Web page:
My heart is a bit heavier today with the passing of Bea Arthur, who starred in two television series, Maude and Golden Girls. Bea played the part of Dorthy Zbornak on Golden Girls. She was preceded in death by her Golden Girls co-star, Estelle Getty, last year. I absolutely adored Golden Girls when it came out, and once in a while, I still will search for old episodes of that show on cable.
What is it about the characters in these fictionalized TV series that grabs our hearts so much? Part of the genius of writing a successful character part is that the character taps and reaffirms some part of ourselves. I love ALL of the characters on Golden Girls: dopey-headed Rose (Betty White), who goes on and on with inane stories of her Norwegian family in Minnesota, slutty and superficial Blanch (Rue McClanahan), who’s got to have every man who comes her way, and Dorothy’s Sicilian mom, Sophia (Estelle Getty), full of wise-cracks, good meals and phony wisdom. Certainly, I identify with them all. God knows I have bored many people with stories of my Belgian, German and Irish ancestry. I did spend about 10 years “playing the field,” which according to some of my more prudish or jealous friends, put me in a slutty category. And God do I love to cook and dispense cornball wisdom!
It’s complicated, I know. And probably not much can be done about it. But doesn’t it seem to you that there are too many people on this earth? And doesn’t it seem like the people that are here don’t care enough about the earth? For lack of a better wor(l)d, let’s coin a word after the model of “altruism.” That word is based on an old French word, autre. So what about the word, based on terre, “terrestrialism?” It would have the meaning “selflessly caring about planet earth.”
In my old blog, I had a much used category, Riding the Bicycle. I decided when I started this new wordpress blog that I would invent new categories with new names. (Because, after all, I may have grown enough to not be polluting the world with the exact same ideas over and over again.) But today, I couldn’t help it, I just needed the category Riding the Bicycle, because to me—after 4 previous years of blogging—that category means the struggle to live a full life. A friend, John, told me that his metaphorical image for this struggle is juggling many balls in the air. It seemed perfect for him. But for me, keeping MY balance is the issue, rather than juggling objects external to me.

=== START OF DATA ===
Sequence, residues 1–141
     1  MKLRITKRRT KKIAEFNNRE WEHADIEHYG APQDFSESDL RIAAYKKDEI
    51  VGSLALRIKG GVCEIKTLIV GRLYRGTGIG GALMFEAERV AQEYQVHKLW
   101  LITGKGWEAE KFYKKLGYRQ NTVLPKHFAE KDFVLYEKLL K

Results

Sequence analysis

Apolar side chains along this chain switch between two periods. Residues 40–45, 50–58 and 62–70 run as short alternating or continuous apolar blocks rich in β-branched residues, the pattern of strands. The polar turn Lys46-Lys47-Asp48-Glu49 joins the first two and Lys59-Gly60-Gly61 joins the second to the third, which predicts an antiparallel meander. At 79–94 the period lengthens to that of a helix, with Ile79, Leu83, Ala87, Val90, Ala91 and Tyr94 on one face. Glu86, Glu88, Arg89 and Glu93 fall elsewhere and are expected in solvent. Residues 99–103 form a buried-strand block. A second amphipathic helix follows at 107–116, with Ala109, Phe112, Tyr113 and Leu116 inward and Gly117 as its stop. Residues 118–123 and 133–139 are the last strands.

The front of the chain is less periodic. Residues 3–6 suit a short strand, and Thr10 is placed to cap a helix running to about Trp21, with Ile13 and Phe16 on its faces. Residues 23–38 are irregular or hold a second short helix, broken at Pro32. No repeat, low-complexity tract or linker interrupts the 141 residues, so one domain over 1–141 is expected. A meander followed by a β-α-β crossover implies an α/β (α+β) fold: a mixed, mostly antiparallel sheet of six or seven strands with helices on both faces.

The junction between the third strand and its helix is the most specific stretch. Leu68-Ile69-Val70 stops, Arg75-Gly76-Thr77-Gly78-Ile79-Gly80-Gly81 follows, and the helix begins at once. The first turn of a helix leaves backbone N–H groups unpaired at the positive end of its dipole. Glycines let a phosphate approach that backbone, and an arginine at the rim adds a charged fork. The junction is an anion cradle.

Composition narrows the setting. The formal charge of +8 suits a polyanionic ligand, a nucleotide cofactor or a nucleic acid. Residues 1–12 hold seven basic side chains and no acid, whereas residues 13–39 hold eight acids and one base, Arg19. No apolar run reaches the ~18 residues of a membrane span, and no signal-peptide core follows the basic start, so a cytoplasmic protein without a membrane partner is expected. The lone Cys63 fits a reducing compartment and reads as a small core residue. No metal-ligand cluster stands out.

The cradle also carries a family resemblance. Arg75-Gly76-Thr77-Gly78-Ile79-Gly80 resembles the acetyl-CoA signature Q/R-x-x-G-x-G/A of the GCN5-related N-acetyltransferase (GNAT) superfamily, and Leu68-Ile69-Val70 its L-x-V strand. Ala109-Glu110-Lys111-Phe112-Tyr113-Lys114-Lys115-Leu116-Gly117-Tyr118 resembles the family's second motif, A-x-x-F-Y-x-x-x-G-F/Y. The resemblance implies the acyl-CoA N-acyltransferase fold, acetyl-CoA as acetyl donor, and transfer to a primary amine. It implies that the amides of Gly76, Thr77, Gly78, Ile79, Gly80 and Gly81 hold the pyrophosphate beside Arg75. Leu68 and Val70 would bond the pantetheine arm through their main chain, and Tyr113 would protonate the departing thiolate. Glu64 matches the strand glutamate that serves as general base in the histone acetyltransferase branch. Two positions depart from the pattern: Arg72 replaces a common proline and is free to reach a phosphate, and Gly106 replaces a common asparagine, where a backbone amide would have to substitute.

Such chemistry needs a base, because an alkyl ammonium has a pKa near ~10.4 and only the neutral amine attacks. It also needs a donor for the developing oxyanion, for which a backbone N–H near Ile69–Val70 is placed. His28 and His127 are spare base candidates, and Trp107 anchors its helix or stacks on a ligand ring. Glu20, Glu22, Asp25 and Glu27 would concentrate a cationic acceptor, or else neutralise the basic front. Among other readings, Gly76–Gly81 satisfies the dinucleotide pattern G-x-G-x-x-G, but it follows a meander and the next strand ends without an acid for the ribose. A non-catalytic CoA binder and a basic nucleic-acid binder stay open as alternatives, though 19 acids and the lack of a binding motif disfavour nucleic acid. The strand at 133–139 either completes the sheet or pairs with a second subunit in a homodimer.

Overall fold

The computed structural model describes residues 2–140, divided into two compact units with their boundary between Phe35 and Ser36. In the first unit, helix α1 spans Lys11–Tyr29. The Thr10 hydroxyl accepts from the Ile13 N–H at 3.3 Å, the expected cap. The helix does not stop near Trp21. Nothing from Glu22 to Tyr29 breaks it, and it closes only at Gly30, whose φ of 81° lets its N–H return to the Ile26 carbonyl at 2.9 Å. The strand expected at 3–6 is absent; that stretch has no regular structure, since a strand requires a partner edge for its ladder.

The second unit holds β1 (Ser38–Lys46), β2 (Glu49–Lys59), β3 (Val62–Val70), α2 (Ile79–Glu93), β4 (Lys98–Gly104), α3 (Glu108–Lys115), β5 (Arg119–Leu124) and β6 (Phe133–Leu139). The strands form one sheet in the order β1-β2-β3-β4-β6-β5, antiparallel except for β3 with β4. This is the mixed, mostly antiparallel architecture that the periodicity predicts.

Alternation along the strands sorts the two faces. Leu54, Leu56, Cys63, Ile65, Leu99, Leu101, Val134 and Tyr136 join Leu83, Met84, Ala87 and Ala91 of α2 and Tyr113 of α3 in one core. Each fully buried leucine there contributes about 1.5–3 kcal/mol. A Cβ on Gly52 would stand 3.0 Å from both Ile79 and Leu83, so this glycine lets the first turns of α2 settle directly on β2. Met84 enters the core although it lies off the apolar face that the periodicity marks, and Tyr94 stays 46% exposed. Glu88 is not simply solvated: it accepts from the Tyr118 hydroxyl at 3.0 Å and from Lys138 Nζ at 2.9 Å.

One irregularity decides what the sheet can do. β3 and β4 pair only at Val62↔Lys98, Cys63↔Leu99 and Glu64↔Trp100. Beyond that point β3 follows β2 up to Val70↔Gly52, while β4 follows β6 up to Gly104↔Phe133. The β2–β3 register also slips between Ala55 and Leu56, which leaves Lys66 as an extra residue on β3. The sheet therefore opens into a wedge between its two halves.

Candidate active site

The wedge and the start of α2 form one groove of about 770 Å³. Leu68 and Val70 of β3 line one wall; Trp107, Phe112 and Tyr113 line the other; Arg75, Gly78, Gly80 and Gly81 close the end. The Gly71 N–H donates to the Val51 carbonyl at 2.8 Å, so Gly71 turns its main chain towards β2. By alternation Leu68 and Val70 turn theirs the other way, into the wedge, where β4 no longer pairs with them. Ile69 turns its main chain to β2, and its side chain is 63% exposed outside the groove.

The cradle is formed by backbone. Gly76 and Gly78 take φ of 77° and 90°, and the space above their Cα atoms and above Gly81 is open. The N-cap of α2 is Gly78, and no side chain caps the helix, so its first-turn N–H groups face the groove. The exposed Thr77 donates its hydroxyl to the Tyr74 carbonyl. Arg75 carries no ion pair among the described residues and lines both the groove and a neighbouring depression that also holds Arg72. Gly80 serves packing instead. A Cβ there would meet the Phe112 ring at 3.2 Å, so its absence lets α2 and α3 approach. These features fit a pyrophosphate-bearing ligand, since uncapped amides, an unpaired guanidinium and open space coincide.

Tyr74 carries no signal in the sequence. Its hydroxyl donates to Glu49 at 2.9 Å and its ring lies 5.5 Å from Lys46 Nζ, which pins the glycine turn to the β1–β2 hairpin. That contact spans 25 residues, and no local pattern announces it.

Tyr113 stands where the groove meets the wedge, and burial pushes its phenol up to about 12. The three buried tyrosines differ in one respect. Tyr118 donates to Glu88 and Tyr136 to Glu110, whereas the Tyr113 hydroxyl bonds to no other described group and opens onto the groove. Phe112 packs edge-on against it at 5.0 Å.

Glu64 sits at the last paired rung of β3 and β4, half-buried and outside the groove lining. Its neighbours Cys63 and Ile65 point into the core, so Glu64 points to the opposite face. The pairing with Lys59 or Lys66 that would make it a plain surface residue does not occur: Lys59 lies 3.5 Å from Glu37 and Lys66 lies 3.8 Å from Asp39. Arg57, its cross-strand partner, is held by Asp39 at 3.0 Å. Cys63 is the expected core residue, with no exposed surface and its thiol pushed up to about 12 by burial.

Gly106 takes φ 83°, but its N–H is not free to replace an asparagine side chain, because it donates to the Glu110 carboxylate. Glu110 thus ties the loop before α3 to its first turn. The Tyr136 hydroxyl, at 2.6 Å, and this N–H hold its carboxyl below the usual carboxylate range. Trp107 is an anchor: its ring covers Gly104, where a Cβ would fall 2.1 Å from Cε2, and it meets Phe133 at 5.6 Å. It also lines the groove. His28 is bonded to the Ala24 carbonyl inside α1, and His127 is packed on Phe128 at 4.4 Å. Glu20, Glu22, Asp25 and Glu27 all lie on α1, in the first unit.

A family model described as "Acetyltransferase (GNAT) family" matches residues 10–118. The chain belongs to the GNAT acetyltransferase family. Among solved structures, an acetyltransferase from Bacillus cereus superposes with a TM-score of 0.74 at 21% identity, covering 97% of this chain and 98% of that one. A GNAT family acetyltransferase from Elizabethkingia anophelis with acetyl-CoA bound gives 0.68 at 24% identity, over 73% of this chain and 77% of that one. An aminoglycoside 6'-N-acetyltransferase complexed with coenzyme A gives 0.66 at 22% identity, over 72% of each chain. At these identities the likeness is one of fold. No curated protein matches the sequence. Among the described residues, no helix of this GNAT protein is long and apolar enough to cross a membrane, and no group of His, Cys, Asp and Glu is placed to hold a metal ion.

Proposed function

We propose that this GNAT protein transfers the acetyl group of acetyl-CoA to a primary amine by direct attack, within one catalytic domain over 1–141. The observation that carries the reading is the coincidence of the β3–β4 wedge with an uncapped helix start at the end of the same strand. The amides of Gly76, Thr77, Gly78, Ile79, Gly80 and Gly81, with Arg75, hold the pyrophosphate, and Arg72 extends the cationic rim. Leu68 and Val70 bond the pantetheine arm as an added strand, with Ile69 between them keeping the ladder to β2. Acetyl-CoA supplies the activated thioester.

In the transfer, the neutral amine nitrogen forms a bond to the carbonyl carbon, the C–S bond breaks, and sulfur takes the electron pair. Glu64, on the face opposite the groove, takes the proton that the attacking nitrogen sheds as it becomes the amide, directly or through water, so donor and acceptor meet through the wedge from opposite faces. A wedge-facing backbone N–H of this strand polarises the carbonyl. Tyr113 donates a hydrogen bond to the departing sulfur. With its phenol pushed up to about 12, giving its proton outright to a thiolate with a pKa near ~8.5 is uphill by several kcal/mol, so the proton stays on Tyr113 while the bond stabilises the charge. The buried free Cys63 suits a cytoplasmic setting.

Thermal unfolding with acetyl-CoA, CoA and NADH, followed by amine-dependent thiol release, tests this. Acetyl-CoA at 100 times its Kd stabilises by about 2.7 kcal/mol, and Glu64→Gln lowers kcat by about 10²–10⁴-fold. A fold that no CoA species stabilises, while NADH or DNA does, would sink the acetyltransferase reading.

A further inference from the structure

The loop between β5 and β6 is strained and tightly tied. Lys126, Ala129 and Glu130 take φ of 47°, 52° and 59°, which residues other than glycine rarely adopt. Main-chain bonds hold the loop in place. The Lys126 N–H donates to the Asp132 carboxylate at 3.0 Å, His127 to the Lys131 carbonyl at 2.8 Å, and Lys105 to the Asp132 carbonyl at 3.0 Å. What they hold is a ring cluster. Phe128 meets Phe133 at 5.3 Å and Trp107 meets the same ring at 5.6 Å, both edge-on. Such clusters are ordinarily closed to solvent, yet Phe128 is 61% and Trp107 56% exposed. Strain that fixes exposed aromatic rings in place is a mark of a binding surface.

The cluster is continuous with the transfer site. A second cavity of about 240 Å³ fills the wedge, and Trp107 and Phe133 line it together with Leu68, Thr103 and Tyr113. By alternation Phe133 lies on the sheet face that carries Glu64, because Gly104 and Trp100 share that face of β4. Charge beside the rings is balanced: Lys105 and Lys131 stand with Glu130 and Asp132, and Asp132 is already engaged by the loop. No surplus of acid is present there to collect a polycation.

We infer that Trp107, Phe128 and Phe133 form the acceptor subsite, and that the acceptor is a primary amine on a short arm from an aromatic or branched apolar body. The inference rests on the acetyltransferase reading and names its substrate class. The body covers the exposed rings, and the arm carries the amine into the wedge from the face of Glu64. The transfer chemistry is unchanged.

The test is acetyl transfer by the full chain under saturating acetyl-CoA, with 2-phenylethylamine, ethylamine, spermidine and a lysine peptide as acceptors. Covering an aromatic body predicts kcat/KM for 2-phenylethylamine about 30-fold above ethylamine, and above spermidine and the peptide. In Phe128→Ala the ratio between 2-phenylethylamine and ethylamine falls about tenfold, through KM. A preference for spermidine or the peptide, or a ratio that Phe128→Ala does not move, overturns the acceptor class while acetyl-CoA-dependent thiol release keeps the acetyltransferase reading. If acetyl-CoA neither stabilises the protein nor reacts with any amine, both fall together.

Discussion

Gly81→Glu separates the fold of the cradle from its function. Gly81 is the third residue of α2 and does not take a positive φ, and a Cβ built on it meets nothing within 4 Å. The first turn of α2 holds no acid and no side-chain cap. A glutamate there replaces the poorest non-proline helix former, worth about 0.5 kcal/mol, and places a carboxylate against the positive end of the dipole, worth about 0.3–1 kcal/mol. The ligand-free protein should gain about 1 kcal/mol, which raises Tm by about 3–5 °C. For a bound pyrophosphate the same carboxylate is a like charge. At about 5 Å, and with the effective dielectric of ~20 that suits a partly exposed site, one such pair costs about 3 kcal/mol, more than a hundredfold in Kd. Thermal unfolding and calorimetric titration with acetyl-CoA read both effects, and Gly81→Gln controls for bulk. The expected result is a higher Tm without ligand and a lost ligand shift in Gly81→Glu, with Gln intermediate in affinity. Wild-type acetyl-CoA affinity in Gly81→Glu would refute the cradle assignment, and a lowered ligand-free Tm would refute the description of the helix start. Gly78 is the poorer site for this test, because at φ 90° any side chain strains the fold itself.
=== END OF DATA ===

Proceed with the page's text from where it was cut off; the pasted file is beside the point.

Every year for the past 10 years, Gilbert, Stephen and I have signed up for the Vigil at Trinity Episcopal in St. Louis. When we started out, we did it in the middle of the night, but as bones have grown creakier with age, we now try to be home by midnight. A couple of weeks before Easter, a signup sheet is put near the narthex with a list of hour-long time slots beginning right after the Maundy Thursday service and going through Good Friday noon. The reserved sacrament (bread and wine) left from the evening meal is placed on the altar in the chapel, which is decorated with flowers and lit candles. There are seats round the small space and there is a pre dieu where one of the two or three who are gathered at any time can kneel. Our church is an urban one, and this practice goes on all night, so the doors are locked after a certain time. As we arrive we are greeted by one or two of the people who have volunteered to stay at the church all night, but then we are left to perform our own devotions.
An unforgettable dessert bread from an old friend.
I had a dear friend from about 1975 to the late 1990s. I met Pat Artrip in group therapy, and we quickly forged a lasting bond. I found this picture of her and me, taken around 1975. You remember the ’70s, disco music, free-wheeling sexual escapades, exploring alternative lifestyles. Pat and I shared our adventures with each other. Later on, she and I joined and faithfully attended a meditation group. Pat also loved to cook, and one day she offered me her recipe for zucchini bread. I have made it many times over the years, and I always think of her when I do.
Within the last week we have seen two incredibly startling advances towards equal rights for gay and lesbian citizens of the U.S.A. On April 3, 2009, the Iowa Supreme Court upheld a District Court decision that the Iowa ban on same-sex marriages violated the 4th Amendment of the Constitution, the equal-protection and due process clauses. And today, the Vermont State Legislature overrode the Republican governor’s veto to become the first state in the U.S.A. to grant marriage rights to same-sex couples in Vermont through legislative process. A high court and both houses of a state legislature have seen through the traditional bigotry that has kept gay and lesbian citizens under the bus of full citizenship.
The decision of the Iowa Supreme Court is particularly enlightening, because its carefully reasoned case not only cannot be ignored, but also will stand as a beacon of clear thinking about this central issue. After having studied that decision carefully, I would like to offer a summary and a brief reflection.